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We have only one trainer. We need more capable trainers.

Our trainers don't know what they are doing. We need more capable trainers.

The meaning of "more capable trainers" changes completely in the two examples above. In the first, "more" modifies "capable trainers", in the second, "more" modifies "capable". Why is this one sentence completely dependent on the preceding one?

Is it possible write either interpretation unambiguously (also without the preceding sentences)?

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    You can easily rephrase it to say "a larger number of capable trainers" or "trainers who are more capable".
    – Stuart F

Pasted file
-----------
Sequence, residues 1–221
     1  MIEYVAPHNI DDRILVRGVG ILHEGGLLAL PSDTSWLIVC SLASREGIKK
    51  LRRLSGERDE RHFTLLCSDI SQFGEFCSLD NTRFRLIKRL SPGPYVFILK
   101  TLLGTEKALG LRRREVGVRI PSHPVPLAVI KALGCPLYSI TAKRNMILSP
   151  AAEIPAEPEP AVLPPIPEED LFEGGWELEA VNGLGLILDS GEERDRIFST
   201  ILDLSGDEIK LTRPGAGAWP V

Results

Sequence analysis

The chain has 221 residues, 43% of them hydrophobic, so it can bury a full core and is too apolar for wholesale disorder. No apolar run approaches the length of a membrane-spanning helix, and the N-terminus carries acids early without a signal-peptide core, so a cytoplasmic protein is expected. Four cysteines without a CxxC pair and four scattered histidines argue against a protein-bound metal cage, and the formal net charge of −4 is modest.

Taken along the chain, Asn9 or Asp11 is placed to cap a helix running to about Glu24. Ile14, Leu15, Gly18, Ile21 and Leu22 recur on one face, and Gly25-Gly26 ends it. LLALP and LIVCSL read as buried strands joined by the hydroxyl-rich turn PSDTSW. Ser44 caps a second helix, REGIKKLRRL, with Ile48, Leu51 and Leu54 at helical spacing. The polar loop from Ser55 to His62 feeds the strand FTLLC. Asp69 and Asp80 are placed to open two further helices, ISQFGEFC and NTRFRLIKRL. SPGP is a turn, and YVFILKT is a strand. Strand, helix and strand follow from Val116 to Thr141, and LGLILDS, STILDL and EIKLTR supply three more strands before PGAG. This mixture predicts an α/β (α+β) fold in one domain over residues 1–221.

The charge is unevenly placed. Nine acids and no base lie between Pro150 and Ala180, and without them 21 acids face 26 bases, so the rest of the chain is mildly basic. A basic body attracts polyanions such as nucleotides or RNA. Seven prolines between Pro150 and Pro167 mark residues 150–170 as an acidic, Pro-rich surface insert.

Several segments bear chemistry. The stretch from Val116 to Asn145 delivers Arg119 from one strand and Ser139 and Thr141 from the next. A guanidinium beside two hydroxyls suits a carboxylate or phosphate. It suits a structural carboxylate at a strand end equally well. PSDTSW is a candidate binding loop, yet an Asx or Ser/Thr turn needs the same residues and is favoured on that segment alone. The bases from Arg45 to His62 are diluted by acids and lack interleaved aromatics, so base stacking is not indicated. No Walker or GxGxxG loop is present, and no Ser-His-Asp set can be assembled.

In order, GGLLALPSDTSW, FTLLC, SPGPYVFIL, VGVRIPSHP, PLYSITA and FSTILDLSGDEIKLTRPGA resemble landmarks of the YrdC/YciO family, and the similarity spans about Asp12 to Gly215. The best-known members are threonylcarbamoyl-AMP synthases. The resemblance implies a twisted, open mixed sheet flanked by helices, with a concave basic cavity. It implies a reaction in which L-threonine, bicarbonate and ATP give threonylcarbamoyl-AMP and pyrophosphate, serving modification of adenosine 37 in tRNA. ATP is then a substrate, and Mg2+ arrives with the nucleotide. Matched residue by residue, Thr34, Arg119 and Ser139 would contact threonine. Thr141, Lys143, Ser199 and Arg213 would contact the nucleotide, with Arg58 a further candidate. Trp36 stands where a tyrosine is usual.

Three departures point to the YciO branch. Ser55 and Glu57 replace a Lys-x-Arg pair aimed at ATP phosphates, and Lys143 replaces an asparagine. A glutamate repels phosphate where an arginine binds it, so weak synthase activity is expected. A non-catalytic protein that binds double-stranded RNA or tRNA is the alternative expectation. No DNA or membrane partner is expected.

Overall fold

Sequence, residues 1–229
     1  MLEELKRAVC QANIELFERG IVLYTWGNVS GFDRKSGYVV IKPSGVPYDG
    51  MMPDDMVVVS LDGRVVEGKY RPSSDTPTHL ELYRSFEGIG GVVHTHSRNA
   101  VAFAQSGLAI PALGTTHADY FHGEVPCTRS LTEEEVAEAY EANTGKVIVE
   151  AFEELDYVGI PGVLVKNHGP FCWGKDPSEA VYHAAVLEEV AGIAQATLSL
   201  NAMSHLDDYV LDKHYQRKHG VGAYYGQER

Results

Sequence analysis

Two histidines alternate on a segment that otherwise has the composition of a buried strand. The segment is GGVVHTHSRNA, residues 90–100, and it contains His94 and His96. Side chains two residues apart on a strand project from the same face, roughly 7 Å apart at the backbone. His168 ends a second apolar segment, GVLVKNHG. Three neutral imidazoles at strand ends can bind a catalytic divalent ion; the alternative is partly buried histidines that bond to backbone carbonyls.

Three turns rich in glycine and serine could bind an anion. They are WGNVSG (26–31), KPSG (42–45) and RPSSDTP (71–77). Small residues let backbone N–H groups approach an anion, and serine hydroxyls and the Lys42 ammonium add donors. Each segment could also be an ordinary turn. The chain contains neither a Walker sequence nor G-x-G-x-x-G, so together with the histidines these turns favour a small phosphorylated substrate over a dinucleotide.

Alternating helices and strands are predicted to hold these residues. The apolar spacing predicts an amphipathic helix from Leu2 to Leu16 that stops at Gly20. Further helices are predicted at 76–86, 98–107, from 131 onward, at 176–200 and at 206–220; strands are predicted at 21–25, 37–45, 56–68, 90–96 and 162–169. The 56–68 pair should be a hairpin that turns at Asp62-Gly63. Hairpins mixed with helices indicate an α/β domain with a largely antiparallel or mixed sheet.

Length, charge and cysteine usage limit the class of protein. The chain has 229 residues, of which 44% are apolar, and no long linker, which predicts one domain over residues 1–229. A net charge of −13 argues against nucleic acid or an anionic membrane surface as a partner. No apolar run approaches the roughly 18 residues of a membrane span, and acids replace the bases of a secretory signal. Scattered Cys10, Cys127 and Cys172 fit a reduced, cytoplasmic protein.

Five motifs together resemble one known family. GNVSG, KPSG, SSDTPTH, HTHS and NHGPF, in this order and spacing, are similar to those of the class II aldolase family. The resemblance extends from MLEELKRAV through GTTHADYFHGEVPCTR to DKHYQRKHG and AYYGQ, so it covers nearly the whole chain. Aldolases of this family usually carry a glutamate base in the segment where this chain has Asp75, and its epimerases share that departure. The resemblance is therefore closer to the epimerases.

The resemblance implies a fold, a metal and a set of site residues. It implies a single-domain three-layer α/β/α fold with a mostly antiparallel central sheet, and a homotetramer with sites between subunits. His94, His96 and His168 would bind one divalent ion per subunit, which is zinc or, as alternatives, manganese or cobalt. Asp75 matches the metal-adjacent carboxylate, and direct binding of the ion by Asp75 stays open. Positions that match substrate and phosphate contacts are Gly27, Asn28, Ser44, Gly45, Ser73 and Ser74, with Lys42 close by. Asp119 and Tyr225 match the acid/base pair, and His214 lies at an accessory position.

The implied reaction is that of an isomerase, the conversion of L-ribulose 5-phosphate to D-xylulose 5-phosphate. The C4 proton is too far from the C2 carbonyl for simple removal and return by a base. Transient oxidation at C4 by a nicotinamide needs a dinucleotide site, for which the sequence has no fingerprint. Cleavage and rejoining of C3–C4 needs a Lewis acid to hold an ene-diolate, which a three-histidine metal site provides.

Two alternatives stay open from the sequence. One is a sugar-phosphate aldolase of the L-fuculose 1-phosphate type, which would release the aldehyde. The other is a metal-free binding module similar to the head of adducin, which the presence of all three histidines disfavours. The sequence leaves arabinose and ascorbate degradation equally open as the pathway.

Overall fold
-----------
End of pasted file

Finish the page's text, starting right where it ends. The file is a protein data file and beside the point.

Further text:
Commented Oct 16, 2023 at 14:35

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In speech, this would usually not be ambiguous (more stress would be put on either "capable" or "more").

Writing is a technology to represent speech, but it often fails to capture all the details.

So, in speech, the one sentence would not be "completely dependent on the preceding one", but in writing some extra information may need to be provided to resolve the ambiguity.

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